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Columbia River Wildlife Mitigation Habitat Evaluation Procedures (HEP) Prepared By Paul R Ashley-CBFWA Regional HEP Team February 2010.

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Presentation on theme: "Columbia River Wildlife Mitigation Habitat Evaluation Procedures (HEP) Prepared By Paul R Ashley-CBFWA Regional HEP Team February 2010."— Presentation transcript:

1 Columbia River Wildlife Mitigation Habitat Evaluation Procedures (HEP) Prepared By Paul R Ashley-CBFWA Regional HEP Team February 2010

2 Much Appreciation to Peter Paquet, Richard Stiehl, and John Andrews For Their Contributions to This Presentation

3 Columbia Basin Wildlife Mitigation Genesis and Mitigation Process HEP Overview Case Study Example (“how HEP should be applied”) Annualization and Compensation Options –In kind, Equal, Relative HEP/Columbia River W/L Mitigation Comparison Regional HEP Team

4 Genesis The Northwest Power Act wildlife “ The Council shall develop and adopt a program to protect, mitigate, and enhance fish and wildlife … while assuring the Pacific Northwest an adequate, efficient, economical, and reliable power supply.” Section 4(h)(5) wildlife to the extent affected “The BPA shall fund to protect, mitigate, and enhance fish and wildlife to the extent affected by the development and operation of the FCRPS... in a manner consistent with the Council’s Columbia Basin Fish and Wildlife Program.” Section 4(h)(10)(A) wildlife habitat “ The Administrator shall … exercise such responsibilities to adequately protect, mitigate, and enhance fish and wildlife including related spawning grounds and habitat.” Section 4(h)(11)(A)(i)

5 Mitigation Process: Avoid impacts Minimize impacts Repair impacts & restore the affected environment on-site Compensate for unavoidable impacts by replacing or providing substitute resources or environments. Mitigation Process

6 HEP Habitat Evaluation Procedures OVERVIEW

7 ACCOUNTING HEP is an accounting tool HEP was developed to answer one question…..How Much Will It Cost If We Build It?

8 WHY HEP? Habitat Evaluation Procedures (HEP) Methodology is habitat based and considers habitat quality and quantity. –a scientific method for impact and compensation analysis –developed by the USFWS in the 1970’s –used world-wide –upheld in court

9 HEP Assumptions/Tenets A linear relationship exists between habitat quality and carrying capacity (population) Habitat quality can be measured and expressed as a “habitat suitability index” Habitat “losses” and “gains” can be expressed as habitat units (HUs) Compensation site baseline HUs are not credited HEP plans/applications include both Project Areas (PA) and Management Plans (MP) or “compensation areas” HEP CAN BE MODIFIED AS LONG AS EVERYONE AGREES!!!!

10 Population or other performance measure 0.0 Habitat Suitability Index 1.0 high low Linear Relationship

11 A Similar Concept: Cattle Forage Carrying Capacity Low forage Carrying capacity 10 acres High forage Carrying capacity 10 acres (Low Quality)(High Quality)

12 Index = Value of interest Standard of comparison In HEP: HSI = Habitat condition on the study site Optimum habitat condition In math: 50 = Bird species seen on the best birding day 30 = Bird species seen on this birding trip 50 = Bird species seen on the best birding day INDEX OF BIRDING = 0.60 Index = Value of interest Standard of comparison 100% = optimum hydrophytic shrub c.c. for YEWA 40% = hydrophytic shrub c.c. on study area 100% = optimum hydrophytic shrub c.c. for YEWA 0.4 = HSI for YEWA HSI = Habitat condition on the study site Optimum habitat condition “HQ Expressed as Habitat Suitability Index”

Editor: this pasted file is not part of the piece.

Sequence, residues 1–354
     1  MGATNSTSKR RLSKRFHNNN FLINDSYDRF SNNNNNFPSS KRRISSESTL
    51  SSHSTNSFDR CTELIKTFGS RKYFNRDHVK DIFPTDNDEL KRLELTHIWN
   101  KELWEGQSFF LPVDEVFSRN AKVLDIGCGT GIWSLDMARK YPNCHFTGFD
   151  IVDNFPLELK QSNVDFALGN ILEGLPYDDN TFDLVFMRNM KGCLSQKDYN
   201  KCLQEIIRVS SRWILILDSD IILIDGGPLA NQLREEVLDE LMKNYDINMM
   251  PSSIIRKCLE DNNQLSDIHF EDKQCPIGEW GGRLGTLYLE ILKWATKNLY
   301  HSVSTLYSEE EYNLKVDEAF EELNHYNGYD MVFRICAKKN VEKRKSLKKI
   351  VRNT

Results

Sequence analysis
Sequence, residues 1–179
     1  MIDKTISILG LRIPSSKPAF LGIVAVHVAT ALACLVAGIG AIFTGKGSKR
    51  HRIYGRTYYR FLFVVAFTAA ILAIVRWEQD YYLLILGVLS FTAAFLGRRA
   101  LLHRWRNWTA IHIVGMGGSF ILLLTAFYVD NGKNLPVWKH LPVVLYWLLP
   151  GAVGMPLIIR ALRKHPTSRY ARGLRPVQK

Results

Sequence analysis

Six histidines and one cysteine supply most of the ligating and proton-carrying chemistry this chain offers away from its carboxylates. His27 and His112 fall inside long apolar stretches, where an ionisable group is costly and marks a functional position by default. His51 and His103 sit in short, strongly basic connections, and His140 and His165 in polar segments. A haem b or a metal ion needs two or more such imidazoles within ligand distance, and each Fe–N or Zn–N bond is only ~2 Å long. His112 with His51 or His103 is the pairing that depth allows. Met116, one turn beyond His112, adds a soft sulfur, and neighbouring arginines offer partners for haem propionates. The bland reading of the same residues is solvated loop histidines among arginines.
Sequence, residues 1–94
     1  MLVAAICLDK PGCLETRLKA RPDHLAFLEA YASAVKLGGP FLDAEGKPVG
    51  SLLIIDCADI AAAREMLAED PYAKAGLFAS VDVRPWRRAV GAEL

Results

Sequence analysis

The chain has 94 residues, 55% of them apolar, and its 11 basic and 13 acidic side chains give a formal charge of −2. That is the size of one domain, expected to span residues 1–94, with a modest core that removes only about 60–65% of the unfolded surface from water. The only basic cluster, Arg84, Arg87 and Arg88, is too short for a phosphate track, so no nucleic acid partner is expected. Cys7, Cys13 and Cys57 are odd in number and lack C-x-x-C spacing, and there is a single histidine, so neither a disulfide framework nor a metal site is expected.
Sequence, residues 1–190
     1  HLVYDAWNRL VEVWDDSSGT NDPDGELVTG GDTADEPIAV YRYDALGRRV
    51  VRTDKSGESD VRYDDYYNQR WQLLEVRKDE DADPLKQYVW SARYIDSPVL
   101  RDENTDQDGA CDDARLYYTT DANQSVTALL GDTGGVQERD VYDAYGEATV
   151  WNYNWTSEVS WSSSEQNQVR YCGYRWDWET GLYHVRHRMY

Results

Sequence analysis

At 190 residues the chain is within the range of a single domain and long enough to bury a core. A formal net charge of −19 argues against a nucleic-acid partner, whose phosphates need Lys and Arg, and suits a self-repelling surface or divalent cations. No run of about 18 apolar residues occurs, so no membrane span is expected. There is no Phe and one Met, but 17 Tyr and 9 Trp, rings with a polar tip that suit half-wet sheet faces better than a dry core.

13 Habitat Suitability

14 Habitat Suitability Index Scale No Suitable Habitat Medium Quality Habitat High Quality Habitat Zero Carrying Capacity Optimal Carrying Capacity

15 The Currency of HEP is the Habitat Unit or HU Quantity X Quality = HU AREA HSI Habitat Suitability Index – ranges from zero to one (0-1.0) 50 Acres X 0.50 HSI = 25 HUs

16 20 Baseline HUs 0 HU credit for existing value No Net Gain to Wildlife 60 HUs after enhancements 60 HUs – 20 HUs = 40 HUs Net Gain to Wildlife = 40 HUs: Compensation Achieved HEP Crediting Basics Project Area 40 HU Loss

17 HEP Components Species Models - mathematical formulas generate Habitat Suitability Index (HSI) HEP Team -selects models and methods Field Sampling - measure physical habitat characteristics Data Compilation - generate Habitat Units (HUs ) Report Findings

18 HEP PHASES Pre-field Activities Field Activities Data Compilation and Reporting Pre-field Activities

19 Pre-field Activities (Project Scoping) Form an assessment (HEP) team Define study objectives Delineate study boundaries Assemble baseline data Delineate cover types Select evaluation species/HSI models Select inventory techniques Select a sampling design

20 Species Selection 4 Study objectives are established. 4 Resource categories have been determined. 4 Study area has been delineated. 4 Cover types have been defined. Species can be selected to represent: 8 Important species. 8 Important resource categories. 8 Important habitats. 8 Important cover types. Species are selected after:

21 An evaluation species may be: A single species u Channel catfish u Nine-banded armadillo u Least Tern A life stage or life requisite of a species u Rainbow trout fry u Eastern Cottontail winter cover u Blue-winged teal brood pond A group of taxonomically related species u Black basses (Spotted, Sm.mouth & Lg.mouth) u Chipmunks (Eastern, and Least) u Chickadees (Black-capped & Carolina ) A group of species using similar resources u Coolwater reservoir fish u Cavity users u Forest interior songbirds A fish or wildlife community

22 Five Considerations in evaluation species selection 1. Evaluation species MUST relate to the fish & wildlife objectives. 2. The number of evaluation species depends on objectives, project complexity, and constraints. 3. The process of evaluation species selection must be well documented. 4. The way a species responds to the project should not be a reason for selection (i.e., many or few HUs). 5. The Phylum of a species should not be a consideration in the selection.

23 HEP PHASES (cont.) Pre-field Activities Field Activities Data Compilation and Reporting

24 Field Activities  Collect Habitat Data  Percent shrub cover  Basal area  Tree height  Photo documentation  and more…… For example………

25 HSI models define habitat variables….

26 Habitat Needs : Shrubby areas, especially near water with willows and alders. Yellow Warbler Habitat Characteristics that are measured : Shrub height Shrub canopy cover % cvr riparian shrub species